TOKYO – U.S. Secretary of State Hillary Clinton is scheduled to arrive in Tokyo on Feb. 16 and the relocation of United States Marines from Okinawa to Guam is high on the list of matters she will be discussing with her Japanese counterparts.
Officials in Tokyo have revealed that Foreign Minister Hirofumi Nakasone expects to sign an accord on the issue with Clinton during her two-day visit underlining both sides’ commitment to the "road map" agreement on the realignment of U.S. forces stationed in Japan that was rubber-stamped in 2006.
Despite both governments’ apparent desire to move the Defense Policy Review Initiative process along and the repeated confirmation of 2014 as the date for the relocation plan to be completed there remain serious obstacles to be overcome – not least the fact that the present Japanese government will likely be out of power within the next eight months.
Much is being made here of the significance of Clinton making Tokyo her first overseas port of call since taking up the post last month. Concern has been rising in Tokyo that the incoming administration of President Barack Obama would be placing more emphasis on Washington’s relations with China at the expense of Japan. After all it was reasoned it was Clinton’s husband who was behind the slight that became known as "Japan passing" here when he was president.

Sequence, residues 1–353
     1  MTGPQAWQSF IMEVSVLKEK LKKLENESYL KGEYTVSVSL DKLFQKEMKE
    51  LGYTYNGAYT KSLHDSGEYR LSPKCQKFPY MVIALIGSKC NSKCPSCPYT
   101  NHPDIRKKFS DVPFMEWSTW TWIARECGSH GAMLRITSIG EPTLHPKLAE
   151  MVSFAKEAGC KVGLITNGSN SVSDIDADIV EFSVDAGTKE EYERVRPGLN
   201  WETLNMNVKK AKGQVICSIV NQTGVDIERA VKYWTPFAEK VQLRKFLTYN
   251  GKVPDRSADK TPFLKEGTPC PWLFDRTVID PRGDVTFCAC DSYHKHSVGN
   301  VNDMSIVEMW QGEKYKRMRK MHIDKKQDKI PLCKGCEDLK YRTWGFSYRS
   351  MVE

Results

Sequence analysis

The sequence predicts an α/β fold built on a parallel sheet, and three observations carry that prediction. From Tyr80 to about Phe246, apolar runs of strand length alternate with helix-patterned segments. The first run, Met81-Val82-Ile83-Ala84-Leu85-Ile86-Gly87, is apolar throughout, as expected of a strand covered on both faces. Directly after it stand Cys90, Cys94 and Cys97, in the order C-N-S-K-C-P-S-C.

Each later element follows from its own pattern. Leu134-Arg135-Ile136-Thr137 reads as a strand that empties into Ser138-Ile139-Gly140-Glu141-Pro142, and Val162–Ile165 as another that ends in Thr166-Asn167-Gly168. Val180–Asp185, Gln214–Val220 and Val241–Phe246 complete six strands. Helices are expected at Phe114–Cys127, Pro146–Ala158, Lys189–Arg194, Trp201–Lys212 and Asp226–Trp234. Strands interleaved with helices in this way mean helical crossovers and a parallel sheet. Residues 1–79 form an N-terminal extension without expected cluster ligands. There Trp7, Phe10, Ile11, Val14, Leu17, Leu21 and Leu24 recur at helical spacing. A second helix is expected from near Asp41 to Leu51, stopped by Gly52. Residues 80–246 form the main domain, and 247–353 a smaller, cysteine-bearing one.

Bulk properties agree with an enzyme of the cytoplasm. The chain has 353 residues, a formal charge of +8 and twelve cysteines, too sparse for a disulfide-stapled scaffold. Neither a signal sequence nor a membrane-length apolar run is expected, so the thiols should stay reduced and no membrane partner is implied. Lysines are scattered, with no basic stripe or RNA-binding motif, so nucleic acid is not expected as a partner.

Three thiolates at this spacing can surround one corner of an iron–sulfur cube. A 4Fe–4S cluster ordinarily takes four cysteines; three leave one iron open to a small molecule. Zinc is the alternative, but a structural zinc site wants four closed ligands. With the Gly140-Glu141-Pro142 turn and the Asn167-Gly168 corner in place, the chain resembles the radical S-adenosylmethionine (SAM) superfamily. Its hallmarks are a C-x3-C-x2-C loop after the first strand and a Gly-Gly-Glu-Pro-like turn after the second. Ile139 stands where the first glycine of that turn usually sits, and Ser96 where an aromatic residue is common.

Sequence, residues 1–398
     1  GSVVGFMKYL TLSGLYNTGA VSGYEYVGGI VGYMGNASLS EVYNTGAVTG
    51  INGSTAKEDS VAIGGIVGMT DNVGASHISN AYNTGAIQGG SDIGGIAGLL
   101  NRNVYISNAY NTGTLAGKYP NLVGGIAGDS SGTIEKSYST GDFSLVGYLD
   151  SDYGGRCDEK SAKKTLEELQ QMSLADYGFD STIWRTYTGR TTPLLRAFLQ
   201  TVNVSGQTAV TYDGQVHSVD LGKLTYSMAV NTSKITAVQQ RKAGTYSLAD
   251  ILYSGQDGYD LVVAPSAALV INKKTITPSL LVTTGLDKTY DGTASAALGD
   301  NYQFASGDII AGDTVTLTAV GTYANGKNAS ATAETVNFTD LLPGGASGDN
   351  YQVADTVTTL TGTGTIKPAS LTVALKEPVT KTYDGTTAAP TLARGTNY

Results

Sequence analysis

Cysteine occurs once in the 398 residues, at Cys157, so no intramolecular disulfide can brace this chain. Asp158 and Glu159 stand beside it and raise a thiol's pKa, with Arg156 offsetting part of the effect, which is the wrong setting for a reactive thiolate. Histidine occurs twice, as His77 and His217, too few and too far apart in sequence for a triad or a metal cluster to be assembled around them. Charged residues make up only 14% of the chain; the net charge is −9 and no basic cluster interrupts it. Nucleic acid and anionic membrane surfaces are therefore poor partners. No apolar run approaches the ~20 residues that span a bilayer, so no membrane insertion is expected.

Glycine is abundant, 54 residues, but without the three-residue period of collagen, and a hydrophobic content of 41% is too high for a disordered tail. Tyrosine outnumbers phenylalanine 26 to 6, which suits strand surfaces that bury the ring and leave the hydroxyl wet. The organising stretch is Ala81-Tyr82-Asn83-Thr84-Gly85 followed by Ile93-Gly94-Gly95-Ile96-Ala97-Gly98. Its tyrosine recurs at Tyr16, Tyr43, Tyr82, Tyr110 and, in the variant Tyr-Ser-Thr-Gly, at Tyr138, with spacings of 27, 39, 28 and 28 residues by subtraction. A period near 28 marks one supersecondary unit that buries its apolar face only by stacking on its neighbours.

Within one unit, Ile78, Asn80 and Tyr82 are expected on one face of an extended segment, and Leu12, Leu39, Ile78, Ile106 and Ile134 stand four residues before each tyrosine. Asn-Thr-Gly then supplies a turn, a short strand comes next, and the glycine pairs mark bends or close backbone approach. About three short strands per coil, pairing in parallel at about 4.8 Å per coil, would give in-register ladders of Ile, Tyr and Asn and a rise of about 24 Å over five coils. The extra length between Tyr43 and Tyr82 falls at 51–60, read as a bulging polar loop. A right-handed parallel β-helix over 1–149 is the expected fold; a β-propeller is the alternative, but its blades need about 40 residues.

Mrs. Clinton will go on to China and South Korea for talks after leaving Japan but Tokyo will be using her visit here to underline the importance of the bilateral relationship both in economic and defense terms. Key to that is the relocation of the military.
According to officials here Japan wants to speed up the relocation of the Marine Corps’ Futenma Air Station from its present site in Okinawa Prefecture in the residential district of the town of Ginowan to the coast of Camp Schwab close to the town of Nago in the northeast of the prefecture.
As soon as the accord is signed it will be submitted to the Japanese parliament for endorsement which will simultaneously enhance the importance of the road map to an "agreement that is equivalent to a treaty."
Nakasone emphasized the importance the Japanese government places on pushing the proposals forward during a brief visit to Okinawa in early February.
The minister who was visiting the prefecture for the first time since being appointed in September met local civilian officials and representatives of the U.S. military and was photographed being given a guided tour of Camp Schwab.
"The present plan was decided after thorough consideration and from multilateral viewpoints " he told a press conference in Naha. "Therefore it would be difficult to change the plan without a convincing and rational reason."
Nakasone said he spoke with Secretary Clinton shortly after she was sworn into office and she had confirmed Washington’s commitment to the realignment of its forces presently stationed on Japanese soil.
Under the terms of the existing agreement Japan will pay $6 billion of the total $10.3 billion required to move some 8 000 Marines and their dependents from Okinawa to Guam by 2014.